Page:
Title: The Lion, the Witch, and the Wardrobe
Author: C.S. Lewis
Genre: Children’s, fantasy, classic
Grade: A (5/5)
Description (from cover):They open a door and enter a world
NARNIA…the land beyond the wardrobe, the secret country known only to Peter, Susan, Edmund, and Lucy…the place where the adventure begins. Lucy is the first to find the secret of the wardrobe in the professor’s mysterious old house. At first, no one believes her when she tells of her adventures in the land of Narnia. But soon Edmund and then Peter and Susan discover the Magic and meet Aslan, the Great Lion, for themselves. In the blink of an eye, their lives are changed forever.
- Fulfills childhood dreams of fantasy worlds full of magic and adventure
- Charming narrator that isn’t condescending
- Vivid and imaginative writing
While staying with a mysterious professor, the four Pevensie find a magical world beyond a wardrobe. Narnia is full of talking animals and magical creatures who are stuck under the rule of the evil White Witch. There, the children must rescue an old friend and a brother, and save Narnia from the witch’s clutches.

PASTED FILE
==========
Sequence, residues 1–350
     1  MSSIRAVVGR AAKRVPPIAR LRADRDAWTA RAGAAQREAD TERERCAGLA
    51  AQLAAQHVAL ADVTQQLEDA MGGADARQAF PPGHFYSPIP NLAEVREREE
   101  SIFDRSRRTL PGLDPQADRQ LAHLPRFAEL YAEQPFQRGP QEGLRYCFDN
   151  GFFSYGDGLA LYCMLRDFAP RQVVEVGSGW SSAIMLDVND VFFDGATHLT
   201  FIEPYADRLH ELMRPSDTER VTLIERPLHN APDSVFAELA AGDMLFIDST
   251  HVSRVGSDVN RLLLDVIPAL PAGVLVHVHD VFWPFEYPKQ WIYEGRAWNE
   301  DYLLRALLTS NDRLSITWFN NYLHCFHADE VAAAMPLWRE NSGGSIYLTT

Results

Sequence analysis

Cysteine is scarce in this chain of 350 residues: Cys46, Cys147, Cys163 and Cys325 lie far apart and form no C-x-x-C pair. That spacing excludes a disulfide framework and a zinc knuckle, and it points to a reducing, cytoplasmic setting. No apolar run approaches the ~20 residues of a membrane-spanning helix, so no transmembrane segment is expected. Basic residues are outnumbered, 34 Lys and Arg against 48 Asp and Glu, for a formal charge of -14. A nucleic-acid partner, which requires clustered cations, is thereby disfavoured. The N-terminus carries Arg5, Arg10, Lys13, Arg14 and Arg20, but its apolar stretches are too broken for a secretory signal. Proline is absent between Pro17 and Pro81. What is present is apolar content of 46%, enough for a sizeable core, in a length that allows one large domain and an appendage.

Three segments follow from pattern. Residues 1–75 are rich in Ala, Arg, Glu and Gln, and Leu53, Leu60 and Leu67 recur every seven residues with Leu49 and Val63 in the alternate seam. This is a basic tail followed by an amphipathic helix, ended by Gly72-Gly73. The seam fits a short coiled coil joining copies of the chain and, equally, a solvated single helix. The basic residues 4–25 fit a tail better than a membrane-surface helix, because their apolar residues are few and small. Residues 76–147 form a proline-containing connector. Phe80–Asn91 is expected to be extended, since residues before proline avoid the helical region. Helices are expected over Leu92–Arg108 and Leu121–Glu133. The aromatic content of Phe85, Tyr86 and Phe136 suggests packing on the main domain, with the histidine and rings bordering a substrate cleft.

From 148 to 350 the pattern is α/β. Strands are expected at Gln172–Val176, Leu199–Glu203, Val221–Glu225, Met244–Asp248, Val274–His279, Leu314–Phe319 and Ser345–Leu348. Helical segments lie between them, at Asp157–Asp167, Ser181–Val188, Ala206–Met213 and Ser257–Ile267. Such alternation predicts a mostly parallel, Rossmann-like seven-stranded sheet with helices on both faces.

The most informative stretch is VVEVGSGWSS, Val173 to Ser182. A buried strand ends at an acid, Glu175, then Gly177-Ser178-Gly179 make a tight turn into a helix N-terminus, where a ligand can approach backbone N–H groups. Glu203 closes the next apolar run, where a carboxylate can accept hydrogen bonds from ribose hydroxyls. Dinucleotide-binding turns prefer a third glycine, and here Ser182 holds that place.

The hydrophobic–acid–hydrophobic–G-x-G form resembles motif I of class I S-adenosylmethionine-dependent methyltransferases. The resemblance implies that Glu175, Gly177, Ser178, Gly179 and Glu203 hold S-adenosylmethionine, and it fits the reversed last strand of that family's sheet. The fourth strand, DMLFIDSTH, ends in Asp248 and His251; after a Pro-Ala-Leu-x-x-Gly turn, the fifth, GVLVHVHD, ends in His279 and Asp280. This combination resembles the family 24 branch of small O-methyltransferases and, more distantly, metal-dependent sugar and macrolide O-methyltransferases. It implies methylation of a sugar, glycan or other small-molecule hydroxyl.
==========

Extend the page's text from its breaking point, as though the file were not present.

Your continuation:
The Lion, the Witch, and the Wardrobe is everything my childhood needed. Of course, like many, I was familiar with the wardrobe that whisked you away to a land cursed to winter. After all, I had watched the movie as a child. But as most readers will tell you, the book is truly better than the movie.
The book fulfilled that childhood desire for a magical adventure in another world. Narnia is so vivid and so imaginative that it becomes a place you wish you could go. In all honesty, I felt like a kid again, dreaming of far off places and fantastic adventures. It’s something I wish I would have read when I was younger because I know I would have loved it.
Part of the charm of the novel is the narration. It was fun and personable. It had the sing-song fairy tale feel to it that’s fitting for a children’s novel. But it also wasn’t condescending or overt in its teachings. The teachings were there, but they weren’t overpowering.
The lessons weren’t overpowering because the world was so vivid. I could imagine everything. When the children were cold, I felt cold. When they were seeing something for the first time, I was seeing something for the first time. The writing might be meant for a child, but it certainly wasn’t lacking in complexity.
Overall, I think the Chronicles of Narnia is one of those series we should all read. It’s culturally significant, an example of endearing children’s literature, and completely entertaining.